Is an errant adult child the product of nurture or nature? For many parents, it is probably a question too hard to answer, or too late to ask. Either way, parents can feel a subconscious sense of responsibility for their child’s outcomes even if it is the inexplicable consequence of a healthy upbringing or just the unlucky emergence of a recessive gene from a convict past.
All reasonable attempts are usually made to remain a caring parent even into later life when the wayward child invariably comes a-calling with hand out, seeking more parental largesse for their failing fifth start-up, marriage break-up or drug debt. Drawn as they are to help, though, parents can create a simmering tension between siblings, particularly where the achieving children ask for nothing but the failing children are the early beneficiaries of a parental drip-feed.
The sibling tension can explode when the parent dies but it can verge on a holocaust well before then – when a parent loses their capacity and someone has to make decisions for them. In the theatre of later family life, the loss of a parent’s ability to make their own decisions can turn a family from a grown-up version of The Waltons into a tragedy of Shakespearean proportions.
This is often the result of parents trying to do the right thing in earlier life but, in reality, setting their families up for failure in later life. The best example of this is when a single older parent comes to do their enduring power of attorney (EPOA) form. In it, they have to nominate who, usually among their adult children, they wish to appoint to make decisions for them if they lose their capacity.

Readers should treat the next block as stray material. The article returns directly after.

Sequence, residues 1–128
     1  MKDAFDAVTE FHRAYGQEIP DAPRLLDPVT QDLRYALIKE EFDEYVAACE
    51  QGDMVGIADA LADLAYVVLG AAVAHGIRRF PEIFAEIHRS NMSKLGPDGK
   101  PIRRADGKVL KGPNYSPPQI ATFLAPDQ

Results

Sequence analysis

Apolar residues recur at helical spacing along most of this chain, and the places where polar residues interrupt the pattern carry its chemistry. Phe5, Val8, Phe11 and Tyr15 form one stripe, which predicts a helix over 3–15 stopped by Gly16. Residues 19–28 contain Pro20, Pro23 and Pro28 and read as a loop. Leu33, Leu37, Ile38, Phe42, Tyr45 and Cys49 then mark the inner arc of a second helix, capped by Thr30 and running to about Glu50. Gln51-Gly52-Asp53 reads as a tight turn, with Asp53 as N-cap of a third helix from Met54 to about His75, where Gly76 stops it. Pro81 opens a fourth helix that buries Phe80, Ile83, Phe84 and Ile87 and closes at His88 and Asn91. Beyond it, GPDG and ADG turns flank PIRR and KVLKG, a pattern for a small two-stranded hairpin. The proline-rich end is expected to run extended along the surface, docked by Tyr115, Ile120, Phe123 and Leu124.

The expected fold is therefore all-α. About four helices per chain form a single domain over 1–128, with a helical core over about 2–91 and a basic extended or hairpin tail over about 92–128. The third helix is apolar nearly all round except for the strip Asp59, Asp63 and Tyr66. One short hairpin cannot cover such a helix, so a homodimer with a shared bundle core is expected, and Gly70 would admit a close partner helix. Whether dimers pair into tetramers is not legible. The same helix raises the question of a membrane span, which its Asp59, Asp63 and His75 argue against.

This can be a diplomatic nightmare, particularly in larger families in which the children are in various stages of achievement or lack thereof. Most parents don’t want to display any favouritism for one child over another but in a misguided attempt to maintain some equilibrium, they can get the decision horribly wrong, such as:
It is easy to regard the EPOA as a beige bureaucratic form and the making of it as a formulaic process. It is easy to ignore the significant power it places in the hands of the person/s appointed. The last thing a parent wants to do is to have a document that creates a lightning rod for tension in the family.
So, would it make sense for a parent to ‘audition’ their children for the role? After all, the EPOA is required to act in the best interests of the parent and what better way to ensure that than to sit the candidates down and tell them what you would want and assess whether they would be up to it. After all, potentially, they may have to perform a starring role in your later life. Makes sense to me.
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